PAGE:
Because resettlement usually means a longer distance to travel to work, breadwinners in these families often face a dilemma. Either they quit and live with their family, or keep their jobs and live in single-sex hostels. They usually choose the latter, thus extending the migrant labor system.

"It remains to be seen how the [homeland] governments will cope with the time bomb of bitterness and frustrations those concentrations of landless people could become," wrote researcher Margaret Nash in a report on resettlements for the South African Council of Churches.

Another researcher, Gerry Mare, noted that twice in recent months, police stations in white areas near resettlement spots were targets for action by antigovernment black guerrillas. Mare indicated concern that there might be increased political repression in these black areas to bottle up the anger and frustration.

Last year, one of the most effective strick actions by blacks since 1970 came out of the Ezekheni resettlement area in Kwazulu. Black workers there, many of them earning less than $20 a week, refused to ride the public buses to protest a fare increase. They walked more than 30 miles a day for four weeks and brought the fares down.

But usually resettled communities are to steeped in depression to make any protest, according to social workers who deal with them. Sekole is an example of that.

Government officials, who maintain that all resettled people are moved voluntarily, say that the Sekole family moved of its own free will. They also say the family was given $3,894 in compensation for the demolished home. But the shock of the destruction, which took place while Sekole was at his job in Johannesburg, sent him into a depression his nephew, Solly Maepe, said in a telephone interview.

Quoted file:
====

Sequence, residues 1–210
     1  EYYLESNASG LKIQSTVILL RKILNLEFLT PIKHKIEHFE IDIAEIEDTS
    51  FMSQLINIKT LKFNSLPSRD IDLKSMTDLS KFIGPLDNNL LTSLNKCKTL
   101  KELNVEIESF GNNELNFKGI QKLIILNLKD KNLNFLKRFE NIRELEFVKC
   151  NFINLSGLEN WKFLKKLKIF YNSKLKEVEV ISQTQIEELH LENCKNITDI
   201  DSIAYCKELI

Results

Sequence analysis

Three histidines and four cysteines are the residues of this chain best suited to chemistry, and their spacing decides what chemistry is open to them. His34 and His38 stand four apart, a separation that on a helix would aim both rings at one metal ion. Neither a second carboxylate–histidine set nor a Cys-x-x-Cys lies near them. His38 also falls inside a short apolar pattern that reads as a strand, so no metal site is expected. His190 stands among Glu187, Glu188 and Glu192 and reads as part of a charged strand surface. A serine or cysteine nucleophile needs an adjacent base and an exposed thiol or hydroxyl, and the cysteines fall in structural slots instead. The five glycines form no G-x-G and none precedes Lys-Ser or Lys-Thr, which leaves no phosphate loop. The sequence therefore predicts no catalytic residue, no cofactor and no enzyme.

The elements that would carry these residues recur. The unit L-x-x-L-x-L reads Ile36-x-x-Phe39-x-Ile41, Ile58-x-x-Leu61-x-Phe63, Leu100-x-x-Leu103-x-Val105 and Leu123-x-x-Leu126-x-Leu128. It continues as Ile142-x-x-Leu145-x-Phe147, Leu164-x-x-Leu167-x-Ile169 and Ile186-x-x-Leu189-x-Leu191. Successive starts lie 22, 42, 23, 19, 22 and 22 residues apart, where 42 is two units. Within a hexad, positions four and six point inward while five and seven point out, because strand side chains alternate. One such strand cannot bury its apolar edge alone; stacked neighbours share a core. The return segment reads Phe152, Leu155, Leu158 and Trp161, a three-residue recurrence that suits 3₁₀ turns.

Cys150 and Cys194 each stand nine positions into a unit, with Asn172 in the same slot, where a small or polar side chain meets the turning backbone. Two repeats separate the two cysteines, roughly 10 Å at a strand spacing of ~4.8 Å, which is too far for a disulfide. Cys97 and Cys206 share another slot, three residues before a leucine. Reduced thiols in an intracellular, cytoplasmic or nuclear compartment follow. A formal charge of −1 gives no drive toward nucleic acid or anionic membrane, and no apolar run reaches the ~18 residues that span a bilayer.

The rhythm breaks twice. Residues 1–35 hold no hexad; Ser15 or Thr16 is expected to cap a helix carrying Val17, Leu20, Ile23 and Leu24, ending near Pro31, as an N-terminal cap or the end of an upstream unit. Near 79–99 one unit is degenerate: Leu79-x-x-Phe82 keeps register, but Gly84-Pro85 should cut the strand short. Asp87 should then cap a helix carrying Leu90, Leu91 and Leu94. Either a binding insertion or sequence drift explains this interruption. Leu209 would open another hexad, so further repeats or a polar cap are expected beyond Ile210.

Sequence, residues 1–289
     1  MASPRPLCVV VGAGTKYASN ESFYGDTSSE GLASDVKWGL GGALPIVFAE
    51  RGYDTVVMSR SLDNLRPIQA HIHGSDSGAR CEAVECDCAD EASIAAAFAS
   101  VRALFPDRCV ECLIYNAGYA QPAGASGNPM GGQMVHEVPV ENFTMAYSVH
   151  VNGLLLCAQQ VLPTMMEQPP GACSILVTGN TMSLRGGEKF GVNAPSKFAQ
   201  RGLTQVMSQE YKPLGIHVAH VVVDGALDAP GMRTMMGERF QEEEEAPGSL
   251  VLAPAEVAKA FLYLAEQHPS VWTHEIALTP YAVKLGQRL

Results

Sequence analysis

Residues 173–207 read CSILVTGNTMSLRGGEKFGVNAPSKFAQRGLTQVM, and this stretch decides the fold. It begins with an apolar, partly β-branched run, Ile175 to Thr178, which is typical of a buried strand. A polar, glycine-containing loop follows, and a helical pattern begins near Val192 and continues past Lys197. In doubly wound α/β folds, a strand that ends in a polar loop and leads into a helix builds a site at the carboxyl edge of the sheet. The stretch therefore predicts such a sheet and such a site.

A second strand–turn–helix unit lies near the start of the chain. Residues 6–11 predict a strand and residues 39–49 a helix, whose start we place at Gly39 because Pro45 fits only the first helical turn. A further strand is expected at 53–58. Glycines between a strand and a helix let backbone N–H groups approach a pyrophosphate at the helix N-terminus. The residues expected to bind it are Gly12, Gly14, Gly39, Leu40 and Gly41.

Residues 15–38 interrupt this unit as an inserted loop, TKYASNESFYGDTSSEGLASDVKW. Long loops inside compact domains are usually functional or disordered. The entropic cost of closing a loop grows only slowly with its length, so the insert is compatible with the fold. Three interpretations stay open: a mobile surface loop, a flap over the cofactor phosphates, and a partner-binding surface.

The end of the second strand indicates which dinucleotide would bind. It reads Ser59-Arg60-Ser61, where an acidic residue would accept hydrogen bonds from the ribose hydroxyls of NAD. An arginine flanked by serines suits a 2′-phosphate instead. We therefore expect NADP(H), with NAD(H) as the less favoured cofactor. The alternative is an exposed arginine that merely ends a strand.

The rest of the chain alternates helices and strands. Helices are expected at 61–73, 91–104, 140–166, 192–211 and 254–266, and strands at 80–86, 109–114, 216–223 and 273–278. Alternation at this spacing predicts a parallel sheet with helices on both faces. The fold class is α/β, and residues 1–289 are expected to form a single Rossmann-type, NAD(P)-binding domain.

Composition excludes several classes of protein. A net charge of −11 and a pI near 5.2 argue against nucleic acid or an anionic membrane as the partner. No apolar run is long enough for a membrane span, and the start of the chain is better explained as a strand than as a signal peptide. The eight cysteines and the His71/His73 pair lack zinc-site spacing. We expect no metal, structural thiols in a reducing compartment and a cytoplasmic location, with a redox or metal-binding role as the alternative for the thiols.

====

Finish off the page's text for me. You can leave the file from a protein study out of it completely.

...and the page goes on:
Besides their personal family tragedy, resettlement for the Sekoles has meant leaving a village they lived in for 16 years. Because of Sekoles suicide, his family was offered a home in an urban township in the black reserve of Lebowa instead of being forced to go to the resettlement area they were destined for. Their new home is two rooms smaller than the one demolished by the government and since it is in an urban area, they had to leave behind the two horses and five cows they owned.

Through an interpreter Mrs. Sekole said that her husband spent $7,916 building his home, yet she got only $3,894 in compensation from the government. bThe house she now lives in will cost her $6,000 to buy, she said.

Mrs. Sekole also said that contrary to government claims she was not moving voluntarily from her original home.

The helplessness felt by many resettled people is often reflected in the language.

"to the government, I am just a stone, madam," said Mantayi Dyaloyi, who claims he is 90 years old. "They pick me up and move me and I say nothing because I cannot." Dyaloyi was recently resettled into the Ciskei.

But George Ramokgopa, chief of the Batlokwa people, is not a stone. He is vocally resisting government efforts to have his 45,000 tribespeople moved to the Lebowa homelane in the northern Transvaal Province. His home is built on the top of huge boulders in a village of smoothwalled, brightly colored clay huts that abut one another in a friendly, attractive jumble. His shady elevated veranda offers an exquisite view for miles across the land and rivers where his people have lived for 200 years.

Inside his living room is the piano he occasionally plays, a wall switch to turn on the overhead electric lights and a portrait of himself as a baby, surrounded by his father, grandfather and great-grandfather who began the settlement.

"Do you think the government will compensate me adequately for all this?" he asks with a sweep of his arm. "They are trying to make us move in a trickish way."

"We would be very sad. Maybe they want us to move because we are too close to the Cape Cairo Road," he said referring to the nearby highway going north to Rhodesia. "Maybe we are just in the way."

"Being in the way" may be how many blacks feel about resettlements. But more importantly, the resettlement issure, as Nash the researcher, states it, goes to the heart of the basic struggle of South Africa: "To use, occupy or control land is to have power . . . That is the fundamental issue in the power struggle between black and white in southern Africa. To share the land means to share power and to strive to live peaceably with one another. To deny right of access to the land to any group is to make war against them."